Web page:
6

I would say that it is misleading to call getpid() a "linux system call". That gives the impression that it is a Linux-specific system call, which it isn't. Actually, getpid() and many other system calls are specified by POSIX, and you will find it implemented on both Linux and MacOS and on many other systems, with identical behaviour. The majority of ...


6

Find uses readdir() to get the content from directories. As readdir() is a library function that implements caching and as find even without caching cannot know that the called program removes a just discovered directory, a standard find call will always cause such errors. There is a clean solution for your problem: find . -depth ... (replace ... by the ...


5

Means folk can leverage this to get a root shell, thereby bypassing your security, eg :!/bin/sh from within vim. Or :r /etc/shadow and :w /etc/shadow. And so on...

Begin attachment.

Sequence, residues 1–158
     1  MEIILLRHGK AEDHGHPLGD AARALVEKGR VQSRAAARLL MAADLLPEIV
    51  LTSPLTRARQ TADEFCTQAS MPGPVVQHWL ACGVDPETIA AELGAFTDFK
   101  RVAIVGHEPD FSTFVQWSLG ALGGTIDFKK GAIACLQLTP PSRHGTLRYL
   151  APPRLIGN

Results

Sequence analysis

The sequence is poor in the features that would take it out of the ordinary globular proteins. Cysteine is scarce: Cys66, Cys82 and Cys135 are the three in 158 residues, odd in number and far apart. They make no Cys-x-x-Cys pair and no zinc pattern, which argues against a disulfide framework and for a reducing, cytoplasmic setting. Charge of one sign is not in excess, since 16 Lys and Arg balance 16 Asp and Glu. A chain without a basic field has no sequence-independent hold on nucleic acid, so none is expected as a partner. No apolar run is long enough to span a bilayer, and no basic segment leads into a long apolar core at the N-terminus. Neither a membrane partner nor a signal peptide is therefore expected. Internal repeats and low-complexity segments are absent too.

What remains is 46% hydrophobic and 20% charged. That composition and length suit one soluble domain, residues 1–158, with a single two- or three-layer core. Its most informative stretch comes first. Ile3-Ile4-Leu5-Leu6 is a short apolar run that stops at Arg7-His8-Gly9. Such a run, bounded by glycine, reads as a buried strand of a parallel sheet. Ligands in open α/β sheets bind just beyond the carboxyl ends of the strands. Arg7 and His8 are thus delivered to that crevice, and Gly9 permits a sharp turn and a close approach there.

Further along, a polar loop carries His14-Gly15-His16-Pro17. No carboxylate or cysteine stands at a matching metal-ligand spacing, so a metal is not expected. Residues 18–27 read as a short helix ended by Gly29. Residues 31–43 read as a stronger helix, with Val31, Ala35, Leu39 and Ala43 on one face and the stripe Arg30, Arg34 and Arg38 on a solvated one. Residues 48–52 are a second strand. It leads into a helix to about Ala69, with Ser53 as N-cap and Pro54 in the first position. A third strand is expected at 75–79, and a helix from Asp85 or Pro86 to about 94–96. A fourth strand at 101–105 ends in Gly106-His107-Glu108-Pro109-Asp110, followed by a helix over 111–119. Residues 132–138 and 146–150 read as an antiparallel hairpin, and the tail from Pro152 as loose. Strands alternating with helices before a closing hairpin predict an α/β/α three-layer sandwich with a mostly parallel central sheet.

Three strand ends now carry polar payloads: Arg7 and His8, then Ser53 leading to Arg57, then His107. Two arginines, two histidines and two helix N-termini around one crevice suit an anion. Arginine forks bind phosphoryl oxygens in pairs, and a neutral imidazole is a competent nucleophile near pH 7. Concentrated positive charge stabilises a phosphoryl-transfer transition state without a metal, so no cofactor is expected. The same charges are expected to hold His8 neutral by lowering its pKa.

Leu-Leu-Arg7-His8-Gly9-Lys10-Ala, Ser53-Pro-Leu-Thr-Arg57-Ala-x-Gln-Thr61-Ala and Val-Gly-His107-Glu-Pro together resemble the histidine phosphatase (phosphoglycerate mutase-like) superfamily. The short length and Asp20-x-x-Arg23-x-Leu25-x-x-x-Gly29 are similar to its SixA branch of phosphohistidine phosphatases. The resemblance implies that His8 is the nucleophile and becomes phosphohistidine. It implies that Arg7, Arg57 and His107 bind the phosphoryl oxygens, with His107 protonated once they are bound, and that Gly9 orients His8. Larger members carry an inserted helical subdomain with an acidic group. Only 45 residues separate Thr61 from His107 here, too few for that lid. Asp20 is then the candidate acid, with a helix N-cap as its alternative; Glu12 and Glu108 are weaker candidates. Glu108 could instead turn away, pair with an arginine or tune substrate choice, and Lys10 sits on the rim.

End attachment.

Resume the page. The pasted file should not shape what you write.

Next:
5

Assuming you are using bash you could run for f in *.dat; do mkdir -p "${f:5:2}"; mv "$f" "${f:5:2}/"; done or (if there are too many files for for f in *.dat to work) while read f; do mkdir -p "${f:5:2}"; mv "$f" "${f:5:2}/"; done < ls


5

The latest version of the HFS+ utilities on Debian are, as far as I can tell, from 2006 and lacking a maintainer. Apple released Time Machine in 2007, and when they did they introduced some quite significant changes to HFS+ (particularly to do with hard links to directories). It is highly likely that the HFS+ tools on Debian cannot deal very well with a Time ...


5

Different commands support different option styles. The major trends are: getopt(): getopt() is a 30 year old programming API to parse options. It's widely available and the only POSIX standard. It only supports single letter options some of which can take arguments. Several options can be combined together for brevity. Example: tail -fn -2: an ...


5

These quotation marks are often used because they look nice, similar to the quotation marks in printed books (which are different at the beginning and end of the quoted passage). These quotation marks may also have been added by your local troff configuration (or, could be removed by it!). The actual file may not contain these characters literally. You ...